The one source of trouble I have with Cloudflare Tunnels is that I cannot have a wildcard or a dynamic way to add and remove services. I needed to SSH into the server, edit the configuration file by hand and restart the service. Not done yet, I needed to copy the configuration changes and make the same on the other redundant server running on a backup ISP link. Still not done, I needed to add an entry on the Cloudflare Dashboard CNAMEing the hostname to the tunnel’s domain. The process was far too much of a pain to do every time I added or removed a service.
Automation with Kubernetes
At work, I have access to an OpenShift Kubernetes cluster having a non-standard resource called Route. It allowed me to, just by defining a Route, get a lot of heavy lifting done. I got:
- an Ingress equivalent
- A DNS name provisioned on the DNS server (similar to external-dns )
- An SSO client application provisioned on an internal tool
- A Configured Ingress controller to use the SSO client to provide secure access to whatever service I exposed through the Route resource.
The idea that one resource can do all of these logically meaningful tasks was a 💡 moment for me. I looked into what Kubernetes offers to make such customizations possible, and lo and behold, the land of Custom Resources and Operator Patterns was in front of me. The fact that I could make up a custom specification and write code to tell the almighty brains of Kubernetes on how to take action on it was a heavenly combination. I set myself on a journey to understand how these work. And while doing so, to build an operator myself.
Operator Framework v/s others
If we take a peek at the section on writing Operators by Kubernets , it lists a bunch of frameworks that one can use to build an Operator. Ignoring the outright rejects like KubeOps (using .NET, I have no experience or interest in it) and Shell-operator for event-driven scripts, I am left with some good candidates.
Charmed Operator Framework
Initial impressions matter a lot, and the feeling I got at first glance from Charmed Framework was something enterprises would use to build complex solutions. It not only works with Kubernetes but virtual machines too. That would be more complex than I am willing to put effort into learning. Hard pass on that one.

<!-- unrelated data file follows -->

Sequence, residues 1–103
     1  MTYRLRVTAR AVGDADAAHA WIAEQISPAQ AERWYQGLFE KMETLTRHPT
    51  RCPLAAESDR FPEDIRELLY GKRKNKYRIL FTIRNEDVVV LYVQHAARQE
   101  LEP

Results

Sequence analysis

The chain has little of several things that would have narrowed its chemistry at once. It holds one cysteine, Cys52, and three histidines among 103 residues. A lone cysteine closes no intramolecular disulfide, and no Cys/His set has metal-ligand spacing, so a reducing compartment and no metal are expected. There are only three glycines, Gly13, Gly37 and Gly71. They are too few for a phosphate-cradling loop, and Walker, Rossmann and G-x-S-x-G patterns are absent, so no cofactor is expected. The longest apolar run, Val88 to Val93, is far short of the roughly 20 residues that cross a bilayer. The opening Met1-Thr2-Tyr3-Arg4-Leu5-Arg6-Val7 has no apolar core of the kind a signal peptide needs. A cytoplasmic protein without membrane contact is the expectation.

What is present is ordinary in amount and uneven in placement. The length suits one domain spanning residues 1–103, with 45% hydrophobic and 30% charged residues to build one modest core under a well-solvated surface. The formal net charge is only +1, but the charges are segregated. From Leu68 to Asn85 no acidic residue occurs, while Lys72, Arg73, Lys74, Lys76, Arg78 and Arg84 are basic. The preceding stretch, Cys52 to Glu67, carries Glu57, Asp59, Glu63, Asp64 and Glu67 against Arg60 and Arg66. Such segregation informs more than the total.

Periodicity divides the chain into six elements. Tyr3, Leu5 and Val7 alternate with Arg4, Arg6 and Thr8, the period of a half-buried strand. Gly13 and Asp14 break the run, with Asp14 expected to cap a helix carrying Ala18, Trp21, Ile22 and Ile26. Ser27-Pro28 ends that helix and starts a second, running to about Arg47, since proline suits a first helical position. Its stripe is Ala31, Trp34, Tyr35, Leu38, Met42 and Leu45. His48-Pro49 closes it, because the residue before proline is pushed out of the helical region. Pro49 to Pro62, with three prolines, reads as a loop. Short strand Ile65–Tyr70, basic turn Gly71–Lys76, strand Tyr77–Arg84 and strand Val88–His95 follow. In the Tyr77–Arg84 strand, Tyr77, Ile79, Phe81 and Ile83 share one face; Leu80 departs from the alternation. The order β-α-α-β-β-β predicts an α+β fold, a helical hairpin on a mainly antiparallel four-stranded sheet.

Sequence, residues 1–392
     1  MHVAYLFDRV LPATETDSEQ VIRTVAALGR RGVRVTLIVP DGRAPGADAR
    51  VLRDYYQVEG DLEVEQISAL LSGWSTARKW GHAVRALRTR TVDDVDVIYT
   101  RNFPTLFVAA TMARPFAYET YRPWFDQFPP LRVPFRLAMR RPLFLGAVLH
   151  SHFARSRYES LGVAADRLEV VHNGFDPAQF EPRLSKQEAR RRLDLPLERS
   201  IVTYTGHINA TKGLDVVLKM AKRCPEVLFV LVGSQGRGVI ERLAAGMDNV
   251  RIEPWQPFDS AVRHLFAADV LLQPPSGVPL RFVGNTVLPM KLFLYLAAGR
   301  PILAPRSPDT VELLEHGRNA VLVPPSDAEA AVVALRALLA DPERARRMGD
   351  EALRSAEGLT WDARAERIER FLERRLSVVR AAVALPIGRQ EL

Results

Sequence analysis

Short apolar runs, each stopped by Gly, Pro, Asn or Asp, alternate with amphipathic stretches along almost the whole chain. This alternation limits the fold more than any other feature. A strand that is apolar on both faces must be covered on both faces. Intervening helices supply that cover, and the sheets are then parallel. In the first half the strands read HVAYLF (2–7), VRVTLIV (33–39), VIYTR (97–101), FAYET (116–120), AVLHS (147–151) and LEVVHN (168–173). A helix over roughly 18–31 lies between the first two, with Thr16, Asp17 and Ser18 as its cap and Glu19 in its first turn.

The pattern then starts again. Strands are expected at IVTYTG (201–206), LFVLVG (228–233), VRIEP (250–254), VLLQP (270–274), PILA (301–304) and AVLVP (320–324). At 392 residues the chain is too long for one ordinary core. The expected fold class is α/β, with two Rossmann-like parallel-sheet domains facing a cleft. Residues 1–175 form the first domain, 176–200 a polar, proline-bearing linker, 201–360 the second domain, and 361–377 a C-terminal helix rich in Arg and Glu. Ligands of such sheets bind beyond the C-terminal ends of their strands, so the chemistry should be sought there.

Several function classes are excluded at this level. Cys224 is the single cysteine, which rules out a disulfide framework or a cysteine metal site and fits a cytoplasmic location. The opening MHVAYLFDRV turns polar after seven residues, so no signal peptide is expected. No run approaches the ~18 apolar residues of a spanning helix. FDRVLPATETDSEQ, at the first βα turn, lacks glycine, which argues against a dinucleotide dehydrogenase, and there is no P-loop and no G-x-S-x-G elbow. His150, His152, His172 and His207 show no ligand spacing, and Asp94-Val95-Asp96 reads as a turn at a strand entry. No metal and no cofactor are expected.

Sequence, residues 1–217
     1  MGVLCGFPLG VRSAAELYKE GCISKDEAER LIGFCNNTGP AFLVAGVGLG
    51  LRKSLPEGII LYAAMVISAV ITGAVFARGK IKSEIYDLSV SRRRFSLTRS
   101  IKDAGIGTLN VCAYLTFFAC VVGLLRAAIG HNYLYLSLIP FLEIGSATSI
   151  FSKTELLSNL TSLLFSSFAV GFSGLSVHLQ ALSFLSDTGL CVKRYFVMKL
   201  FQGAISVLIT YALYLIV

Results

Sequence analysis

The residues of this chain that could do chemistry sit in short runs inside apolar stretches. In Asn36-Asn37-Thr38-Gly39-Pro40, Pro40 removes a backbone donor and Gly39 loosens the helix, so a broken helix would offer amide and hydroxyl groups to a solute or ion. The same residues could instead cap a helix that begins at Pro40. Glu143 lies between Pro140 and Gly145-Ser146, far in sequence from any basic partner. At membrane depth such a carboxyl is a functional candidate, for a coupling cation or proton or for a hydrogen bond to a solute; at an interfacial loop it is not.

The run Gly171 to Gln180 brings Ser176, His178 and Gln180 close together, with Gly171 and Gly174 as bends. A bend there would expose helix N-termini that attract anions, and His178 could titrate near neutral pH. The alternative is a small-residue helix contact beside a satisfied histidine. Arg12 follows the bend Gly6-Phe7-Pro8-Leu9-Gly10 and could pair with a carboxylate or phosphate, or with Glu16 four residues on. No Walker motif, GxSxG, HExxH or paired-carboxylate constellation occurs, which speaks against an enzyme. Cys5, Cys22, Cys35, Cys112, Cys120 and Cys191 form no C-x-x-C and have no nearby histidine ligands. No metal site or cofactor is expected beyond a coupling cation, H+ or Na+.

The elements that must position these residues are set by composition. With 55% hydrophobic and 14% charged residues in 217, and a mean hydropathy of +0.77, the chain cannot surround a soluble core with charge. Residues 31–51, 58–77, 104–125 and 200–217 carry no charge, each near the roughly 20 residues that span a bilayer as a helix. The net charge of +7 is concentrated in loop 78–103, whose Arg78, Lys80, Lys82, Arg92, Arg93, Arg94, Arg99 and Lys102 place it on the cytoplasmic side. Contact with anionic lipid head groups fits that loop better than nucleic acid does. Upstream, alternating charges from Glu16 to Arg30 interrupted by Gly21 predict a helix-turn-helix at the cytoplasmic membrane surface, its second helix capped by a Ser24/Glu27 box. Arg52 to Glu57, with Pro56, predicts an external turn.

Kudo promises a couple of good things, being uncomplicated and declarative among them. But the who is it for section did not feel like me.
KUDO is for you if you are an application administrator who wants to run your application on Kubernetes without having to learn about Kubernetes internals.
The next one was enticing, but again, I wanted to get more hands-on with Go too, two birds with one stone and all that.
KUDO is for you if you are a developer who wants an easy way to write Operators without having to write thousands of lines of Go.
A pass on this one too.
Reading about Metacontroller was another 💡 moment and a shift in my thinking about extensibility in general. Metacontroller allows us to provide a bunch of webhooks triggered anytime an event relevant to us occurs in the system. We can write the simple webhook handler for data manipulation in any language, including Python, to define what we need the state to be. Metacontroller takes care of the rest. I picked this one and even wrote a couple of test controllers until I figured out the cost of making something easy was forgoing customizability. I could not get a simple idea, a basic one in my head atleast into action. That was the end of the road for me with a very innovative tool.
The cost of making something easy is forgoing customizability.
Let me preface this with a quote from their landing page :
Users of Kubernetes will develop a deeper understanding of Kubernetes through learning the fundamental concepts behind how APIs are designed and implemented.
The quote spoke to me in a way that made this feel very close to my heart. Even if this book contained details on an unrelated tool, I would have read it regardless.
Invested, I was halfway into the book, understanding in detail how operator patterns work. There is a cluster of boilerplate code to set the controller up to work in a reconciliation loop (a loop that reacts to changes to move current to the desired state). Being new, boilerplate code is always the one that looks the scariest. Although the concepts were becoming pretty clear, I was not in any position to start writing an operator from scratch.
Boilerplate code is always the one that looks the scariest to a beginner.
The build part of the Operator Framework is something called an Operator-SDK . Scaffolding and generating code to bootstrap a new project is what the tool does, which I needed at this point. I learned that it uses Kubebuilder, something I now was catching up on, under the hood for the Operator itself. It fits like a glove, perfect!
The example of a sample Memcached Go Operator was good enough for me to get started using this tool. Although the complete documentation could have been better, I got what I needed to work. So, no complaints there.
Operator-SDK’s quick start guide took me farther than most quick start guides tend to take you: a fully functioning Operator, directly customizable to be anything you want it to be. Now in a position to build what I imagined, I proceeded to that part next, imagining (planning).
I talk about the architecture for the Operator in my next post on How would an Operator for Cloudflare Tunnels look like .